Ofwat attacks Thames Water profits


Government water industry watchdog Ofwat has condemned Thames Water's profits, announced earlier today, as "unacceptable".

The industry regulator attacked the 23.2 per cent improvement in operating profit by the London-based water company because it had not met its required targets for reducing leakage from its pipes, a "very serious" failure according to Ofwat.

Thames Water has attracted such criticism because it has increased prices by an average of 24 per cent in the last year while simultaneously failing to deliver the improvements it has promised.

"Meeting its leakage targets should be a very high priority for Thames Water," Ofwat said.

"We expect the company to spend as much as is necessary to remedy its leakage failure and ensure that it delivers value for money and security of supply for its customers."

Thames Water's annual trading results, released today, make pains to highlight the increased spending the company has made on improving its infrastructure to tackle the leakage problems.

It emphasised the long-term nature of its leakage improvements, pointing out that its £3.1 billion investment plan would reduce leakage and improve the "security of supply of drinking water supplies" by 2010.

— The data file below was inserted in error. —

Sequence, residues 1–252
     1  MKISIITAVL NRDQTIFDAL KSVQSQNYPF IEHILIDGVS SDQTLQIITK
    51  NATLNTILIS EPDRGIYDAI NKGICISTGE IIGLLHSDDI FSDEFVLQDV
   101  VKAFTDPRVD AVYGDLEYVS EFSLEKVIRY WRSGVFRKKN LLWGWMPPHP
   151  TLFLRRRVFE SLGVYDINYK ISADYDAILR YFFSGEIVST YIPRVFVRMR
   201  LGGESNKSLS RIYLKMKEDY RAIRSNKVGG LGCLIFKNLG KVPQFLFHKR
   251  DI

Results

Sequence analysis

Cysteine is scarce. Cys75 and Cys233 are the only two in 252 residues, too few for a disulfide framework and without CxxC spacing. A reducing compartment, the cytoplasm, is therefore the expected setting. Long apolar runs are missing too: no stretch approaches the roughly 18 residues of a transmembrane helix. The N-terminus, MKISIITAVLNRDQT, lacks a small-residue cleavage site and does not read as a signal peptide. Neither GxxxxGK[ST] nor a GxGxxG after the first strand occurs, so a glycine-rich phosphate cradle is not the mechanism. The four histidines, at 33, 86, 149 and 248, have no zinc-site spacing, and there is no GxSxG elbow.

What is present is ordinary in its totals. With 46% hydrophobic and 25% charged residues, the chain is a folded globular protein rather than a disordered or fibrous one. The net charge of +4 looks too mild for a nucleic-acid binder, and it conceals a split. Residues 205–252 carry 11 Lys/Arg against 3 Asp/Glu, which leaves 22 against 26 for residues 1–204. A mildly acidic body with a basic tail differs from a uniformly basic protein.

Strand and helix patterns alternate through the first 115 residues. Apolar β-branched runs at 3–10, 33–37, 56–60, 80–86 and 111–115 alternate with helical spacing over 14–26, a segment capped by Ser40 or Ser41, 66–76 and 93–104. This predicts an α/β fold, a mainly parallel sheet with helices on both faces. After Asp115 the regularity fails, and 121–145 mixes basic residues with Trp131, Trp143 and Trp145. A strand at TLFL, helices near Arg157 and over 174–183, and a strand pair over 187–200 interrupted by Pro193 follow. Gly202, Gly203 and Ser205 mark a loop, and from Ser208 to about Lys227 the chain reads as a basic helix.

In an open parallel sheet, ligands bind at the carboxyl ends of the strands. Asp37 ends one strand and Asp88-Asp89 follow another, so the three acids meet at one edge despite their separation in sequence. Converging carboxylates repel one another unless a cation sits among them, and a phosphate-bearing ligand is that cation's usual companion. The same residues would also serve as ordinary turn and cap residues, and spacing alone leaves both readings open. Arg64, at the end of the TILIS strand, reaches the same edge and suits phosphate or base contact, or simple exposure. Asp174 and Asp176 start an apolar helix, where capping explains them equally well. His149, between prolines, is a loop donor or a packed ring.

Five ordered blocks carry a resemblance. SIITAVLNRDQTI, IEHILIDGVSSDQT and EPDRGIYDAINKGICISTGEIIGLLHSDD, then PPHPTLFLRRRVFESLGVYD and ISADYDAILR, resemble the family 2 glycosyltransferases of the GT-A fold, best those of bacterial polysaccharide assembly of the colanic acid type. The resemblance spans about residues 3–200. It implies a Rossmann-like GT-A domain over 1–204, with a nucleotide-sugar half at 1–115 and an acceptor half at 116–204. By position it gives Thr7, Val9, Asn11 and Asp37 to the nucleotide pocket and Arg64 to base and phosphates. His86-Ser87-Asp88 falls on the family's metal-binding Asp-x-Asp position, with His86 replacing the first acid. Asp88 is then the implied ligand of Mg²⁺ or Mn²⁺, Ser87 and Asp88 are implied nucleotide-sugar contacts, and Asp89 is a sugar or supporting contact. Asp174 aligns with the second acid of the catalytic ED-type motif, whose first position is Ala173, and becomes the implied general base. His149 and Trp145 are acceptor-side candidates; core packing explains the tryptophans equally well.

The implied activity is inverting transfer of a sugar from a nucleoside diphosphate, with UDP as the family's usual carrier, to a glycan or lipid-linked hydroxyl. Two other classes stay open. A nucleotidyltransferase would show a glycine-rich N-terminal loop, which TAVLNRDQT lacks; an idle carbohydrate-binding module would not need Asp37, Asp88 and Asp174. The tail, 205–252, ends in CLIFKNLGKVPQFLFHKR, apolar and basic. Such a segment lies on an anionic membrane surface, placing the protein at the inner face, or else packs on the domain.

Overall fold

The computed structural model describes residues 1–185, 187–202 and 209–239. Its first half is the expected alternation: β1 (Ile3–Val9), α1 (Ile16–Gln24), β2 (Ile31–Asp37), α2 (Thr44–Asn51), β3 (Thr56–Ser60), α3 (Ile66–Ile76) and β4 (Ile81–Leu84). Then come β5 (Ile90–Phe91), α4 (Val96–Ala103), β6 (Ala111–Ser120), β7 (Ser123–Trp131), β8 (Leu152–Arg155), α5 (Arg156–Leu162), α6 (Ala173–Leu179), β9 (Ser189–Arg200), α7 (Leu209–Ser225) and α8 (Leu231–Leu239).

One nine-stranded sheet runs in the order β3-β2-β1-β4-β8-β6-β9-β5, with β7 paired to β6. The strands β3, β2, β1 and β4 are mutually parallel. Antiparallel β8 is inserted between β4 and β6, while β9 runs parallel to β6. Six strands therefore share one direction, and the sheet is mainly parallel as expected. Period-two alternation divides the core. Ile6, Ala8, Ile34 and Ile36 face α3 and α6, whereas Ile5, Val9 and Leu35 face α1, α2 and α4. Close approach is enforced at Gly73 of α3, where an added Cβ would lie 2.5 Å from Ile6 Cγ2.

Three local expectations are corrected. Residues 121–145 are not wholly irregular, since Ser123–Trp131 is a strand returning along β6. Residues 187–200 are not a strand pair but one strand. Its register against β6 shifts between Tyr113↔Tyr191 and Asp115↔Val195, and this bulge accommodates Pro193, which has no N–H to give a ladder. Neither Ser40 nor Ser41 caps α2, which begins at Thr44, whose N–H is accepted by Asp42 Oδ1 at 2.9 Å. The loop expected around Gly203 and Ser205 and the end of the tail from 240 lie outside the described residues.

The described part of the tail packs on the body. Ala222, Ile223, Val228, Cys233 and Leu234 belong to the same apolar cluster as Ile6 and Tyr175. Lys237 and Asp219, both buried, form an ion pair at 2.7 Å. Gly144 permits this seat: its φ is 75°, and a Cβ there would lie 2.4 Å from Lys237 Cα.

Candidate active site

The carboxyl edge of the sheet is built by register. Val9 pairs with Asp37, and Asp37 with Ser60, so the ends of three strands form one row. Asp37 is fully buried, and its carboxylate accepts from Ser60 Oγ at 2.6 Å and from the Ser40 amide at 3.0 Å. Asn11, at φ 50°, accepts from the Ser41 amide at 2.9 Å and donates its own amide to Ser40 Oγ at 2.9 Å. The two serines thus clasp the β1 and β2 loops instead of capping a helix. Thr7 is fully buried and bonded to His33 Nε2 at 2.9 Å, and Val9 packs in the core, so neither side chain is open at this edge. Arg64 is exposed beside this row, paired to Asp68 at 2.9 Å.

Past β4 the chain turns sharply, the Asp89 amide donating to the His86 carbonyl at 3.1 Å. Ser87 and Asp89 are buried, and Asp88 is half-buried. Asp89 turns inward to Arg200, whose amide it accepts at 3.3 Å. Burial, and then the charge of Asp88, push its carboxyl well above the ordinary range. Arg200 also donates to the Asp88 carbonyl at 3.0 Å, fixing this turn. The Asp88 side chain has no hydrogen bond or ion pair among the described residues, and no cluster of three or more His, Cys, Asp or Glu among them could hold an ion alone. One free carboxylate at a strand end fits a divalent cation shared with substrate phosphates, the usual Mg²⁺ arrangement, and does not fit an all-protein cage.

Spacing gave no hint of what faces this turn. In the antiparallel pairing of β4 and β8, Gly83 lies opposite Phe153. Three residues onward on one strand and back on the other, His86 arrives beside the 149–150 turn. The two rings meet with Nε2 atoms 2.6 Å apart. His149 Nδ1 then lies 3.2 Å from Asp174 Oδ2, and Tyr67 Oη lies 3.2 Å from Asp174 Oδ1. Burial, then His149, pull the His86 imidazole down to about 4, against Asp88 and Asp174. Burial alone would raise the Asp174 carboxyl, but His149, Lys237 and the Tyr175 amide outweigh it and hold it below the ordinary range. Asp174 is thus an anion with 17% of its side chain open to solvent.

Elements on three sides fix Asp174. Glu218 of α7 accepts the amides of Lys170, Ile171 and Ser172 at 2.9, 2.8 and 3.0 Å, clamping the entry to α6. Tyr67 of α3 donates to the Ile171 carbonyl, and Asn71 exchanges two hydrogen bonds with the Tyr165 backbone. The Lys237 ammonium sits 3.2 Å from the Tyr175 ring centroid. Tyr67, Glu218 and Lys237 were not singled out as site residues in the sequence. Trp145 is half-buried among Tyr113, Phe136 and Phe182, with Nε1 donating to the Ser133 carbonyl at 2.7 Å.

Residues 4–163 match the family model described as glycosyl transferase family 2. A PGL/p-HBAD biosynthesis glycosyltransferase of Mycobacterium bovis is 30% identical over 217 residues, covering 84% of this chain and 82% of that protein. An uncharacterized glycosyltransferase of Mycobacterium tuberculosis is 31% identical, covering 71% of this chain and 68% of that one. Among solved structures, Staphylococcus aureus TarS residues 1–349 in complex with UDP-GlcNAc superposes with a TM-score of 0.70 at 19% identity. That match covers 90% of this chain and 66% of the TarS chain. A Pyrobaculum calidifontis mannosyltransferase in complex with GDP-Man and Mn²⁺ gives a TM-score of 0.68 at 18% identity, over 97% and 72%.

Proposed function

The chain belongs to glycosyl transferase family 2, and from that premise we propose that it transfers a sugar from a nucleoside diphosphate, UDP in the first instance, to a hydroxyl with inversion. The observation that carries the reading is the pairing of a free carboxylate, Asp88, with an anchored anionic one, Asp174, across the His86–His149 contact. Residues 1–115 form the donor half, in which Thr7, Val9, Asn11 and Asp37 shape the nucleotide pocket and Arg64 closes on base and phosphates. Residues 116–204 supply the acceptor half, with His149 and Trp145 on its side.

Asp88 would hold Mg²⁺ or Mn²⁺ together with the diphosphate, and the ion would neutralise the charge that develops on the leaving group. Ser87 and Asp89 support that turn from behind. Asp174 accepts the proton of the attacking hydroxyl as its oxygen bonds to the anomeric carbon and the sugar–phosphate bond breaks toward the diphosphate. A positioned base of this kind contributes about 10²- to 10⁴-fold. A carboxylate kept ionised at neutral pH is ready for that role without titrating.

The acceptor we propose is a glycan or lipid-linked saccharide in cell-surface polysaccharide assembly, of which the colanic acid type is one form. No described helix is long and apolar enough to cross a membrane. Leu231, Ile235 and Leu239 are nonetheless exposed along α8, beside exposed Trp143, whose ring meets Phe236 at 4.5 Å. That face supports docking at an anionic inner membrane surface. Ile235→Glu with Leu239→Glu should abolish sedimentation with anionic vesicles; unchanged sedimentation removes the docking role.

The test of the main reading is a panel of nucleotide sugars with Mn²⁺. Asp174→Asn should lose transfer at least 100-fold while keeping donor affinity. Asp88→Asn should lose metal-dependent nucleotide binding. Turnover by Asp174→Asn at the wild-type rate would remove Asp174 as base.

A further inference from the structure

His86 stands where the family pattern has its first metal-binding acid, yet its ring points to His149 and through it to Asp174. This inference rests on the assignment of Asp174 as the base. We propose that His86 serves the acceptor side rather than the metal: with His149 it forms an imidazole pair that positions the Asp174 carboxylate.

"Given our strenuous efforts to reduce leakage, it’s immensely frustrating to have missed our London target, but we are determined that our biggest-ever capital investment programme will enable us to meet our leakage target over the full five-year regulatory period," commented Jeremy Pelczer, Thames Water's chief executive.

Responding to Ofwat's criticisms, Thames Water's chief operating officer Jerry England suggested that it was more difficult to achieve leakage reductions in capital than elsewhere in the country.

"Missing our London leakage target is of course extremely disappointing, but tackling leakage in the capital really is a different ball game to the rest of the country… our repeated success in meeting our target outside the capital proves this," he said.

"No-one should doubt our absolute commitment to bring leakage down as fast as we can."

Despite applying for a drought order Thames Water continues to lose 894 million litres every day from its network of supply pipes.

That figure is 34 million litres over the Ofwat maximum limit, which is currently set at 860 million litres.

Ofwat have pointed out that their failure is worse than last year's and is considering appropriate "regulatory action".

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